So I set out to compile a list of ten songs that are actually funny. Funny because of the lyrics, the rendition, the picturization—whatever (in some stellar instances, all of the above). These may not be songs that make me laugh out loud (I am not a guffawer, anyway), but they are songs that always make me smile rather more widely than usual. As always, these are all from pre-1970s films (except one) that I’ve seen, and they’re in no particular order. Just songs that I find funny. And—I hasten to add—which are intentionally funny.

Funny songs from Hindi cinema

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Ten of my favourite Sunil Dutt songs

A couple of months back, amidst a discussion on one of my posts, fellow writer (and fellow Sahir Ludhianvi fan) Karthika Nair and I got involved—as we are apt to do—in talking about Sunil Dutt (who, coincidentally, has appeared in a number of songs written by Sahir). I realized then that I’d never compiled a list of my favourite Sunil Dutt songs. This, despite the fact that he is one of my favourite actors.

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Ten of my favourite saheli songs

(And a very brief tribute to Dev Anand, 1923-2011).

This is the second of my ‘prize posts’ for the Classic Bollywood Quiz. The first of these posts was dedicated to Karthik, who’d once suggested I do a list of lesser-known composers. This post is dedicated to Anoushka Dave, our overall winner. Anoushka, whose prize included a signed copy of my latest book, also got the chance to tell me which post she’d like me to do: which film to review, or which list to come up with. Anoushka suggested this one: ten saheli characters, or ten saheli songs.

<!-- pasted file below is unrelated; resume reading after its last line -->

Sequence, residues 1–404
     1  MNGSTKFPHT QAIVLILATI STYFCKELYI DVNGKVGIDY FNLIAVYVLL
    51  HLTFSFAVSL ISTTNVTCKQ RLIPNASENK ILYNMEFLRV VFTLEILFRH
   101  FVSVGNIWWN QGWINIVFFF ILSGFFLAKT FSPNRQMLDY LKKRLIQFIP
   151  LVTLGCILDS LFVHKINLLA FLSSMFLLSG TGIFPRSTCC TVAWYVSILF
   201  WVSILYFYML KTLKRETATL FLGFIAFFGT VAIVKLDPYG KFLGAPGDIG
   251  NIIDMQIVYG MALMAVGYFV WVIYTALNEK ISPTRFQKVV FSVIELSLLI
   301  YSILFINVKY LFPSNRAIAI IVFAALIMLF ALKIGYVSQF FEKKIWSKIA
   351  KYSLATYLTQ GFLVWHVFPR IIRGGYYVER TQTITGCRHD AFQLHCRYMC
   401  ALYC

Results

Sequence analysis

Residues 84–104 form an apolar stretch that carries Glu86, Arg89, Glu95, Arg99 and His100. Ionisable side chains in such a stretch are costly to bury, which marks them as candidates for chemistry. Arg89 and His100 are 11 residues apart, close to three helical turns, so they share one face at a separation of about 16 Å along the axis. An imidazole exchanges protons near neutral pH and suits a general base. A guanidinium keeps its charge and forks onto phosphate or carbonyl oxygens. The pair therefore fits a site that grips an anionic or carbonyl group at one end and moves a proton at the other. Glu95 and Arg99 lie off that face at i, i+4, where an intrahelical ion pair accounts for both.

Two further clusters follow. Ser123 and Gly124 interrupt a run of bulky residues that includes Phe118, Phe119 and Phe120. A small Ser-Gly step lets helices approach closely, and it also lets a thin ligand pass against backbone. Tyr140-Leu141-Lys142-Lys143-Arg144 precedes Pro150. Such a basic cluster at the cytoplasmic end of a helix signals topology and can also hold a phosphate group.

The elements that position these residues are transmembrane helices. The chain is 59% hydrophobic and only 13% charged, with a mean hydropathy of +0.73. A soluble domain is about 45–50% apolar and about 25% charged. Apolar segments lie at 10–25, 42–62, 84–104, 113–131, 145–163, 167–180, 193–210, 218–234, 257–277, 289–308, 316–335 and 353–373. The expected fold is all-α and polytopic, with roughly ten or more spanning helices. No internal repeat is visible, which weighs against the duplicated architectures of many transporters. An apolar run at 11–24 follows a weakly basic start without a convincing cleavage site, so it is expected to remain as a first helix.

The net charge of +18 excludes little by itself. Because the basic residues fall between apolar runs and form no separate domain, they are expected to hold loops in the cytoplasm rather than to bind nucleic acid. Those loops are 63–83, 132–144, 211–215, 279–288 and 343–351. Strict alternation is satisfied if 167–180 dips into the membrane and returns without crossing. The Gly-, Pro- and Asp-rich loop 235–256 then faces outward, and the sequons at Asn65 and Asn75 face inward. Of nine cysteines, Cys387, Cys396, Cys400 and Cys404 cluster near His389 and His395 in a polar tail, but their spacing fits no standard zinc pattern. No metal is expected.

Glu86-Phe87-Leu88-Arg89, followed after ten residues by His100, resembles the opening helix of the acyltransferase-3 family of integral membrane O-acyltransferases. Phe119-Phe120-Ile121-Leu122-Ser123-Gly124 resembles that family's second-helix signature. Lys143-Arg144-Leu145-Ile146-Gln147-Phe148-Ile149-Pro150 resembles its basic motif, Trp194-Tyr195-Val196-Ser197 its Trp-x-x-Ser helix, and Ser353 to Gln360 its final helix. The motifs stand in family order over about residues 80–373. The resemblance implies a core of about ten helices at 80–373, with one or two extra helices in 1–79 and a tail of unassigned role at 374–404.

This was, for me, a very unusual (and interesting) challenge, because I’d never really thought of it. Some pondering, and I realised that while Hindi cinema makes a huge deal about a bromance, the female equivalent of it has been largely pushed into the background. Offhand, I could think of only one film (the forgettable Saheli, starring Kalpana and Vijaya Choudhary) that focused on girl friends. But songs? Yes, with some effort (a lot of it, actually), I could draw up a list of ten songs that featured sahelis, at work, at play, at general saheli-ness.


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Ten of my favourite `Sung in transit’ songs

There was a snippet in the newspaper the other day about a Britisher who was fined by the police for laughing while driving. He’d been using a handsfree on his mobile to chat with a friend, but it wasn’t, apparently, the mobile that irked the police; it was the laughing.
That got me thinking: what would they make of characters in Hindi cinema who sing, play musical instruments, and sometimes even dance, while driving? That thought, of course, led to this post: ten of my favourite 50’s and 60’s songs, picturised on modes of transport. They’re all from films I’ve seen, and haven’t been included in any of my earlier posts (or, as one of my readers pointed out, not in one of my earlier Ten of my favourite… lists). Just to make it a little more interesting, no two songs are filmed on the same type of vehicle—and a song qualifies only if (a) the singer is on the vehicle (people sung to could be elsewhere) and (b) the singer stays on the vehicle through at least 80% of the song. And yes, a song figures on this list only if it’s good to look at and listen to.

A jeep and a car - from Dil Deke Dekho